Humans have the remarkable ability to learn from both their current environments and their past experiences. One of the goals of robot development is to create an artificial learning agent that can develop an autonomous understanding of the world both from their present surroundings and their previous knowledge.
Recent advances in computer vision and deep learning techniques have been made possible due to the availability of large-scale datasets such as ImageNet and COCO. Breakthroughs in object/person recognition, detection, and segmentation have relied heavily on the availability of these large representative datasets for training. However, robotic vision poses new challenges for applying visual algorithms that were developed from computer vision datasets for a fixed set of categories and tasks, since semantic concepts of a real environment are dynamically changing over time. Specifically, robots operate continually under open-set and sometimes detrimental conditions, which require them to have the capacity for lifelong learning by using reliable uncertainty estimates and robust algorithm designs.
The major challenge for lifelong robotic vision is continual understanding of the dynamic environment. At the object level, robots should be able to learn new object models incrementally without forgetting previously learned ones. The robotic vision system should explore how the previous learned knowledge can enhance current perception task, and whether the current task can improve old task performances. At the scene level, the robot should be able to incrementally update its world model without getting lost. That’s why we have focused our research on lifelong object recognition and lifelong SLAM (simultaneous localization and mapping), with the goal of providing benchmarks for both tasks. Earlier this month, we organized the first-ever lifelong robotic vision competition at the 2019 International Conference on Intelligent Robots and Systems (IROS), held in Macau, China.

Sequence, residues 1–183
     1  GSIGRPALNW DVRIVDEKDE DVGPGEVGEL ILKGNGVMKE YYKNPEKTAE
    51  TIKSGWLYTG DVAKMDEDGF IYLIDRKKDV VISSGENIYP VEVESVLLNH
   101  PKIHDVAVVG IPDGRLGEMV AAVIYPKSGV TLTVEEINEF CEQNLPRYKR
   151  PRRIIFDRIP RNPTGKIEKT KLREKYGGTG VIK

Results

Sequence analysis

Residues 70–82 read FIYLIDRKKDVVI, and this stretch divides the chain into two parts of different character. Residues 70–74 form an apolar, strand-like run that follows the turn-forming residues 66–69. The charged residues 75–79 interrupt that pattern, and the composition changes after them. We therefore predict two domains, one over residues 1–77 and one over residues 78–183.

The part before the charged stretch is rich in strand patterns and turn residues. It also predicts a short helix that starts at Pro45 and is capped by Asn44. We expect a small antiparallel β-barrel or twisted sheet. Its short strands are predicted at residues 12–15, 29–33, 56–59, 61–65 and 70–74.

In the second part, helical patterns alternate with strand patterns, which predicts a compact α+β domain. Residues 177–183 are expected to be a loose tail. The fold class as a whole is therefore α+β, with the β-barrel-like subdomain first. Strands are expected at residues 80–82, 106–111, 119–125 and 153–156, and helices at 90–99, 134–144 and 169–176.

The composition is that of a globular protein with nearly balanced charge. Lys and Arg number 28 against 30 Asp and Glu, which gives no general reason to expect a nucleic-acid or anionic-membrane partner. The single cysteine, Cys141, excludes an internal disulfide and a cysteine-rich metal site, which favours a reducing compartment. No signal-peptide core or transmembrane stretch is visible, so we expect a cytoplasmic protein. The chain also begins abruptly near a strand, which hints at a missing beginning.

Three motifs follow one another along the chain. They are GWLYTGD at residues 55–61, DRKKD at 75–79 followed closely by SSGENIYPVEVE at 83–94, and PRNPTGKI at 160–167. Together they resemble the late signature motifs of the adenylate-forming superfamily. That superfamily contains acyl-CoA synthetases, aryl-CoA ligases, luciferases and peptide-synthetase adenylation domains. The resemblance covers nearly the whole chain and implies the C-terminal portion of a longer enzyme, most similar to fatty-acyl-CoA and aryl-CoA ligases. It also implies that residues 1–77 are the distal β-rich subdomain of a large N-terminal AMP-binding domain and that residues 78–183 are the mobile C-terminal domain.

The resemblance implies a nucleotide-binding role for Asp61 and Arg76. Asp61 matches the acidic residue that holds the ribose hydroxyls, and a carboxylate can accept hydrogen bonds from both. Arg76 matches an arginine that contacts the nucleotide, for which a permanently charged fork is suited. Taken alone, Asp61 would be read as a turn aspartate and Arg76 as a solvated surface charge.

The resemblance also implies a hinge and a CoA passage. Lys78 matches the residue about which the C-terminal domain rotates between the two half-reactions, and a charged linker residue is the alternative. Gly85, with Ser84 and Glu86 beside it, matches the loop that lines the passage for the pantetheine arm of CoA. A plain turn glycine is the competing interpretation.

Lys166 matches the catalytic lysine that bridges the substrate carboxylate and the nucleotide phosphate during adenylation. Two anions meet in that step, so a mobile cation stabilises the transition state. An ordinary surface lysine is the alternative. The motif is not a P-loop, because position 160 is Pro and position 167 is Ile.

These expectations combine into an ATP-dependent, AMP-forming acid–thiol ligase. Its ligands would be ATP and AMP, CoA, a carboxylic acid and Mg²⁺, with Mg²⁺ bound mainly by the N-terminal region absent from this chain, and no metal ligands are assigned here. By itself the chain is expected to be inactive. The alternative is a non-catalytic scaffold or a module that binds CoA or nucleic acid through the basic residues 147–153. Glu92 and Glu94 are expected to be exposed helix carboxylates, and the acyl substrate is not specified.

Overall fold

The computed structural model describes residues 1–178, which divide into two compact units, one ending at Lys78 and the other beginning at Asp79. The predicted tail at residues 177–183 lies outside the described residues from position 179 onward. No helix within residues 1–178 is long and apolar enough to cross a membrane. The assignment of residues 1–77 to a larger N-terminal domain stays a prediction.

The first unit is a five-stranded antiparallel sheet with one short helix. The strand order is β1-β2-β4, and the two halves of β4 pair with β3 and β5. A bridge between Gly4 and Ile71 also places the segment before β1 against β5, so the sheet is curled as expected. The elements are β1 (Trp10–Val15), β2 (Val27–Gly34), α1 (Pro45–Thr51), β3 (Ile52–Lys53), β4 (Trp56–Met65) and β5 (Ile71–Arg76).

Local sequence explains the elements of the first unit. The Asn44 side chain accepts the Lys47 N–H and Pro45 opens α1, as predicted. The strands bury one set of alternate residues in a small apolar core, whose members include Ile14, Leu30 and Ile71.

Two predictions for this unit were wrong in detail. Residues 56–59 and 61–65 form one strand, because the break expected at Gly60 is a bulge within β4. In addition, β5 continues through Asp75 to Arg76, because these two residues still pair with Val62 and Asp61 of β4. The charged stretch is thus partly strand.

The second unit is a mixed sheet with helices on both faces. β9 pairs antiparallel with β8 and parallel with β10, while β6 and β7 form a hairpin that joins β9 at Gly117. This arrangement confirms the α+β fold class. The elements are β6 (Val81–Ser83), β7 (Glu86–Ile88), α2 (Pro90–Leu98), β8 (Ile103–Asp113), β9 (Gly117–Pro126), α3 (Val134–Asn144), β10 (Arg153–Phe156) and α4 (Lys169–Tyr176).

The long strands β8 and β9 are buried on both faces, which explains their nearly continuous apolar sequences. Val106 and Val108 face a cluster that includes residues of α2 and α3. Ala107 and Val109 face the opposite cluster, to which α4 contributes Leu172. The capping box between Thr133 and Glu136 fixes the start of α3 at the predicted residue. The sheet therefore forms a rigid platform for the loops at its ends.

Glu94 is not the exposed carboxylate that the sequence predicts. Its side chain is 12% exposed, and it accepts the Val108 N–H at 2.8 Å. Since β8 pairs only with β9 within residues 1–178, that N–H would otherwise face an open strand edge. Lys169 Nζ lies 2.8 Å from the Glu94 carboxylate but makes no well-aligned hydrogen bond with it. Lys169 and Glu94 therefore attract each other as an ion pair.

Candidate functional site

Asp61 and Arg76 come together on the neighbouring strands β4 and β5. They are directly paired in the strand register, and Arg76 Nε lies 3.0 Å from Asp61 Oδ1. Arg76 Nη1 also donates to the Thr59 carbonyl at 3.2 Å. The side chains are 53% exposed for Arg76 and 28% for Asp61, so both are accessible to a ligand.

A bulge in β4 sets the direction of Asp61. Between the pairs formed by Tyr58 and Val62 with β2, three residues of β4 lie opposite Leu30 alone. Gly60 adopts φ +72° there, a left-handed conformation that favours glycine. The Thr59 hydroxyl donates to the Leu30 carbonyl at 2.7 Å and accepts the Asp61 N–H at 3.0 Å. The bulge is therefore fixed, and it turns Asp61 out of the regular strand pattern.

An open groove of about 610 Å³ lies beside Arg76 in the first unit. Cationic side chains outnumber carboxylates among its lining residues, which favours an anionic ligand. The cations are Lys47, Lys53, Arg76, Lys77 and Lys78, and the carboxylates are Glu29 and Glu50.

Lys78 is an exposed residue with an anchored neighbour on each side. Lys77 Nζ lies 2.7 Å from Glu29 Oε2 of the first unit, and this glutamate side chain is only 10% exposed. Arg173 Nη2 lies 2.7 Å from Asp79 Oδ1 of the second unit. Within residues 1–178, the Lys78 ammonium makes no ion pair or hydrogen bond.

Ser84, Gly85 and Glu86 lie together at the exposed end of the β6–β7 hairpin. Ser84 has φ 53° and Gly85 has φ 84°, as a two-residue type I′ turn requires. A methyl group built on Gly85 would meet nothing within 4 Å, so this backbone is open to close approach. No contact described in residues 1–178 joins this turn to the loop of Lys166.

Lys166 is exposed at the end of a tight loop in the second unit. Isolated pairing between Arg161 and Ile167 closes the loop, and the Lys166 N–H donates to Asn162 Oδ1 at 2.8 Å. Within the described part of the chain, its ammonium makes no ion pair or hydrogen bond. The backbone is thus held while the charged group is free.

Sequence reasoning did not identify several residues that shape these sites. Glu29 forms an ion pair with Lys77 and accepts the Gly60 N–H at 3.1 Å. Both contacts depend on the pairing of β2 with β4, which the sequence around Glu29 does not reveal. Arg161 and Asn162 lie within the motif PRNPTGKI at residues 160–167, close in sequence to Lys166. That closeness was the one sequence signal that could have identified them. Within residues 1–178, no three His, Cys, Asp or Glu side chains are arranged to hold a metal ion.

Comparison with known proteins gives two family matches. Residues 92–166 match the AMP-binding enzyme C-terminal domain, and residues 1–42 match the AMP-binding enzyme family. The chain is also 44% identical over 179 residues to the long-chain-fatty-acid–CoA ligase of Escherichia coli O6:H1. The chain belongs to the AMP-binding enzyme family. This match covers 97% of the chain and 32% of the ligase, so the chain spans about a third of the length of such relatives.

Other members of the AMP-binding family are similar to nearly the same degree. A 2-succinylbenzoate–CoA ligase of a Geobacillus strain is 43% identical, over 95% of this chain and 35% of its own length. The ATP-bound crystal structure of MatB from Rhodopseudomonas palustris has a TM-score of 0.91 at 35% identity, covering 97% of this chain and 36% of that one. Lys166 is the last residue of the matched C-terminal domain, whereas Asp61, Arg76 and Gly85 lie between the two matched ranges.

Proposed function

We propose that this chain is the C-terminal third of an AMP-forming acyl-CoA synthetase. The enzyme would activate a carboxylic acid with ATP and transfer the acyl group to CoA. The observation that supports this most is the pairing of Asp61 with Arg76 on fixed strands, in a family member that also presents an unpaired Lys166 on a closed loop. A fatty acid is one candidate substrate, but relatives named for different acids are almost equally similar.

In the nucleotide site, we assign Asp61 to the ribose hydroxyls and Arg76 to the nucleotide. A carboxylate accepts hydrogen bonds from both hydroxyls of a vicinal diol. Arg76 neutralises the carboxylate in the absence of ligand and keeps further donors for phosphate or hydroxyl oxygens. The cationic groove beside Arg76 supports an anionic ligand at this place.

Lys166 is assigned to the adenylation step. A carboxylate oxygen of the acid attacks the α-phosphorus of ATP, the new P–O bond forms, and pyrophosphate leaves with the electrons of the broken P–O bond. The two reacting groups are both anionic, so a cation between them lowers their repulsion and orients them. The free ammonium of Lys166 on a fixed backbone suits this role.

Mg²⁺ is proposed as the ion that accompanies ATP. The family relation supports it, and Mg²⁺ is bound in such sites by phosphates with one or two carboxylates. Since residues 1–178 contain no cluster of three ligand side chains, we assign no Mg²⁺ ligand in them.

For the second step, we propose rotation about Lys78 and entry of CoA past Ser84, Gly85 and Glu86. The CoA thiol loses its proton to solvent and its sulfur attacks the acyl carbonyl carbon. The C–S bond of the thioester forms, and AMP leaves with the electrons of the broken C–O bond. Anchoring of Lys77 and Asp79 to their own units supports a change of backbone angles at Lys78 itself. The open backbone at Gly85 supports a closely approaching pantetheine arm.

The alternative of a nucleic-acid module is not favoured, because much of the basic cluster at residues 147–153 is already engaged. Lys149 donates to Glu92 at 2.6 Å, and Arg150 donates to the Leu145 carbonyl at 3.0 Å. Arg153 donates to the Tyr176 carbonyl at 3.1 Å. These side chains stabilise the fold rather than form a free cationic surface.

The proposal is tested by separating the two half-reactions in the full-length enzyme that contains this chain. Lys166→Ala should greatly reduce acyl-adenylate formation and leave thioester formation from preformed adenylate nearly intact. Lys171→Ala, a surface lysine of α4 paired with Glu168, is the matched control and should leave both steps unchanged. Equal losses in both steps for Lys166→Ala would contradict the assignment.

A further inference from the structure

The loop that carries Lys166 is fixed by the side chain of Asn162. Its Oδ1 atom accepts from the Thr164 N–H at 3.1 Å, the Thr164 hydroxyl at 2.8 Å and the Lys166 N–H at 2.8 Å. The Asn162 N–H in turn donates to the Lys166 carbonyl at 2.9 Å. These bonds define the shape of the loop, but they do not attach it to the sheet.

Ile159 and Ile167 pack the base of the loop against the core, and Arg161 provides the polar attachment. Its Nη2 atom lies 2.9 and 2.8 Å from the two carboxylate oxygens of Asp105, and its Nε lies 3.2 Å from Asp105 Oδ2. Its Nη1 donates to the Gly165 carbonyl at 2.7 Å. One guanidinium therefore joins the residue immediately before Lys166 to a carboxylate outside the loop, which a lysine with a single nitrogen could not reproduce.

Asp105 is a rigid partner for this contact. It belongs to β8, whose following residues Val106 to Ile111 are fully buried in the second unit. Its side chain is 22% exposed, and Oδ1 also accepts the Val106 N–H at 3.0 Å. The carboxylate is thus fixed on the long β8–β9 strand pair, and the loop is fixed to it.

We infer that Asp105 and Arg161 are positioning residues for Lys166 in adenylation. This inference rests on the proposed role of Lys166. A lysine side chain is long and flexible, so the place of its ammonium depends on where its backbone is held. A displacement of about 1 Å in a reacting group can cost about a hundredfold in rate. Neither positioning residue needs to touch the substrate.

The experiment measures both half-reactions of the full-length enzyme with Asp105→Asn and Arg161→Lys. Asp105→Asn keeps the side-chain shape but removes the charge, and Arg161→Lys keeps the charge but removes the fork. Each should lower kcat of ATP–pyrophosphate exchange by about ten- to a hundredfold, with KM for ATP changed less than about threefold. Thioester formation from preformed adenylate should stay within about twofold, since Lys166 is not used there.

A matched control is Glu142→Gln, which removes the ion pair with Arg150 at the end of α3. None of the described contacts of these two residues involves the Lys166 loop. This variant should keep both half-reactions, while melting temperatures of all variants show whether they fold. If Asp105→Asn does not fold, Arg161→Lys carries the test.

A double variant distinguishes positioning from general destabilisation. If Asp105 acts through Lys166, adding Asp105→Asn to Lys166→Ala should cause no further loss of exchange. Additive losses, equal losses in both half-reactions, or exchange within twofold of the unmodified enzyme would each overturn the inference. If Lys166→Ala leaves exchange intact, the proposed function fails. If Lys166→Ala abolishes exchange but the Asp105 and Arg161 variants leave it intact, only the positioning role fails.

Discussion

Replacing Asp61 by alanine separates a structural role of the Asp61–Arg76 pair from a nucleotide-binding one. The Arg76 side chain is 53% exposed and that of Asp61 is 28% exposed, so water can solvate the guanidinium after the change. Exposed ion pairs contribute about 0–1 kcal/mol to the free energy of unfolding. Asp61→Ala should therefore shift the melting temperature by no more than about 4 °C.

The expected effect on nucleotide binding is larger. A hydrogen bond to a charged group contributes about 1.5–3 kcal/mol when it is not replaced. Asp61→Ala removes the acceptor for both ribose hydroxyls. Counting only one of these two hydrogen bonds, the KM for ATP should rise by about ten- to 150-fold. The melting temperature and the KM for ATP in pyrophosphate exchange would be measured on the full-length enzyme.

We refer to our (L)ifel(O)ng (R)obotic V(IS)ion research as OpenLORIS, which already contains two datasets: OpenLORIS-Object for lifelong object recognition and OpenLORIS-Scene for lifelong SLAM. Both contain multi-sensory data recorded primarily with Intel® RealSense™ cameras in real-world scenes. New evaluation metrics have been established to benchmark algorithm performance in a practicability-first fashion.
We have utilized the unique characteristics of robotics to enhance robotic vision research by using additional high-resolution sensors (e.g. depth and point clouds), controlling sensor directions and numbers, and even shrinking the intense labeling effort with self-supervision. In order to enable lifelong robotic vision research, we are providing robotic data (RGB-D, IMU, etc.) in typical indoor scenarios (home, office, café, etc.) with commonly used objects, variant scenes, and ground-truth trajectory acquired from auxiliary measurements with high-resolution sensors. As well as using a diverse range of sensors, scenarios, and task types, our dataset embraces environment dynamics, which to our knowledge makes it the first real-world dataset to be used in a lifelong robotic vision setting.
The two datasets already included in OpenLORIS are OpenLORIS-Object and OpenLORIS-Scene. OpenLORIS-Object, collected via an Intel® RealSense™ Depth Camera D435i, contains objects collected with different views under high-variant illuminations, occlusions, and object-camera distances. In the OpenLORIS-Scene dataset, there are multi-sensor data collected with a wheeled robot in several different scenes, with multiple data sequences in each scene, among which there can be significant scene changes caused by human activities or day-night shifts. The primary sensors include an Intel RealSense Depth Camera D435i and an Intel® RealSense™ Tracking Camera T265, both mounted at a fixed height of about 1m. The color images and depth images from the D435i camera can be used for monocular/RGB-D algorithms, while the dual fisheye images from the T265 camera can be used for stereo vision algorithms. Both provide IMU measurements with hardware synchronization with corresponding images. Odometry data from wheel encoders and ground-truth trajectories based on either a high-resolution LiDAR (light detection and ranging) or a motion capture system are also provided.